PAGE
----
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Live Reviews

Burghausen Jazz Festival 2013

By Published: March 26, 2013
March 13: Matīss Čudars Quartet / Cassandra Wilson

It was hard to know who was having more fun being at Wackerhalle on the first official night of B-Jazz—the packed house there to hear singer Cassandra Wilson, or Matīss Čudars. When the Latvian guitarist took to the stage with the members of his quartet— alto saxophonist Toms Rudzinskis, double bassist Lennart Heyndels and drummer Niels Engel—the huge round of applause clearly took him aback, but if the group was nervous performing in front of such a large audience, it didn't show one bit.



Performing music from the group's recently released debut, Melancholia (Self Produced, 2012), Čudars, in particular, proved himself someone worth watching. Thoroughly engaged and engaging, the guitarist's masterful command of his instrument belied his youthful age (22), playing with the kind of maturity and tasteful restraint rare in someone so young, though he was absolutely capable of cutting loose when the music demanded. Clearly ambitious, the guitarist has already spent time at the renowned Workshop in Jazz and Creative Music at The Banff Centre in beautiful Banff, Canada, situated in the eastern end of the Rocky Mountains—the annual three-week workshop whose artistic director is trumpeter Dave Douglas
Dave Douglas
Dave Douglas
b.1963
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—and is wrapping up four years studying in Amsterdam, where he met the members of his multinational quartet.

Heyndels and Engel formed a particularly formidable rhythm team, capable of handling the demands of Čudars' writing—while richly melodic, often knottily constructed, with unexpected stops and starts, metric shifts and demanding dynamics. Both also proved themselves to be strong soloists, in particular Heyndels, whose occasional opportunities demonstrated firm yet pliant touch and tone, and an ability to navigate Čudars' changes with confidence and ease.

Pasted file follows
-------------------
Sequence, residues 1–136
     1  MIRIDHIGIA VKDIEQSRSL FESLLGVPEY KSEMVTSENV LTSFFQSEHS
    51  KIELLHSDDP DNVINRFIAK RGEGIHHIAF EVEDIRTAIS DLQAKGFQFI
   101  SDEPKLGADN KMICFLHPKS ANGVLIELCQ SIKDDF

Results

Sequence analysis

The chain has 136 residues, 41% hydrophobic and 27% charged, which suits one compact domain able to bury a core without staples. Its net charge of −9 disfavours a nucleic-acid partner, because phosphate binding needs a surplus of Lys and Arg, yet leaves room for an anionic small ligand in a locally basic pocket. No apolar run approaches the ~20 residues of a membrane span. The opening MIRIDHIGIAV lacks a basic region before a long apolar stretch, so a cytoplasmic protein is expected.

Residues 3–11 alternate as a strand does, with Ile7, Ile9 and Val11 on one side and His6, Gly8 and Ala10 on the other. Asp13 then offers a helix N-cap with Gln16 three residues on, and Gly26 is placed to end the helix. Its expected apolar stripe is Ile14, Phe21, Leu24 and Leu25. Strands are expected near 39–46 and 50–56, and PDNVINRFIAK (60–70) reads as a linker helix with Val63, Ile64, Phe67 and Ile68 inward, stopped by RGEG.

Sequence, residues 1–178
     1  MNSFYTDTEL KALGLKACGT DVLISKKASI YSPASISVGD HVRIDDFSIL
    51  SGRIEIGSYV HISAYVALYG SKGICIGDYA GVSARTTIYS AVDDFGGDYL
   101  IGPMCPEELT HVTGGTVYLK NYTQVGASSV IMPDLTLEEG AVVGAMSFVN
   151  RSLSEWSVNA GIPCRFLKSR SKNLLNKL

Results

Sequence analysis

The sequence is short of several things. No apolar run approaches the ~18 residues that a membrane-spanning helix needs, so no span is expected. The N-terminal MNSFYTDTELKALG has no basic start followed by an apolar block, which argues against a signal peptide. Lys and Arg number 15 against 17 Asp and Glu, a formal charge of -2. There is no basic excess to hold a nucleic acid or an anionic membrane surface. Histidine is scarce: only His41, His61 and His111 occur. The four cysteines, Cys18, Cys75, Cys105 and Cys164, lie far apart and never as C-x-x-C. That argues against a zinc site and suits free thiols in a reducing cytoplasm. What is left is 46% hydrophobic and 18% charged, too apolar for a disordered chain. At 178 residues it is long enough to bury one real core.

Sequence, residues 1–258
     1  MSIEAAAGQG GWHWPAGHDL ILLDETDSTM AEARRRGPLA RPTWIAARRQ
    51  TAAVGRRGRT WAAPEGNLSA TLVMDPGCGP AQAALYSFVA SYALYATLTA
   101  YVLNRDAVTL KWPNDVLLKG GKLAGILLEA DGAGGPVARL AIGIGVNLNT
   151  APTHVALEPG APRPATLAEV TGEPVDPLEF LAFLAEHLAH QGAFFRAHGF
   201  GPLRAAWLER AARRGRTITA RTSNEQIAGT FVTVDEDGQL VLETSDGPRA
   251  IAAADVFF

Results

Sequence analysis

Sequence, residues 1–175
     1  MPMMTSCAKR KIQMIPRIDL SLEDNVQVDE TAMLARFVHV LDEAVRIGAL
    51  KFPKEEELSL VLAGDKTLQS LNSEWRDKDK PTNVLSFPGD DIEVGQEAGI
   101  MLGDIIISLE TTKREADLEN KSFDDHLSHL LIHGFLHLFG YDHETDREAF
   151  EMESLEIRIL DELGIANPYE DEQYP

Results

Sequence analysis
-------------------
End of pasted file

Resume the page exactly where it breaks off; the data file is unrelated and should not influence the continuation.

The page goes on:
If there was a weak link in the group—and it was a relatively small one—it was Rudzinskis, though it was more about tone than what he was actually playing; as capable as his band mates, his sound was a tad on the thin side, and with so much robust music happening all around him, it sometimes got swallowed up. But if he can address his tone, Rudzinskis may well be someone as worthwhile to watch as the rest of the group.

While it was clearly a collective when it came to playing, this was clearly Čudars' group, both musically and visually. With a youthful enthusiasm that was never excessive, Čudars was the kind of player who commanded attention onstage; clearly having the time of his life in front of such a large audience, he made the absolute most of it, and while he seemed, at times, to be somewhat awed by the experience, when it came time to introduce the music and the band, he was confident and direct with the audience. A modernist writer whose music possesses hints of everything from guitarist Kurt Rosenwinkel
Kurt Rosenwinkel
Kurt Rosenwinkel
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and drummer Brian Blade
Brian Blade
Brian Blade
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and the Fellowship Band to groups like James Farm
James Farm
James Farm
b.2009
band/orchestra
, Čudars was clearly a great pick by the B-Jazz panel of judges, and if his performance was anything to go by, then his CD will be worth checking out and he'll be worth watching; truly a young artist with a promising future.

The last time encountering Cassandra Wilson, it was a less-than-satisfying experience. Her 2009 performance at the Enjoy Jazz Festival in Ludwigshafen, Germany, suggested that her days as a groundbreaking artist were behind her, as she seemed to be resting more on her laurels than giving it out to her audience.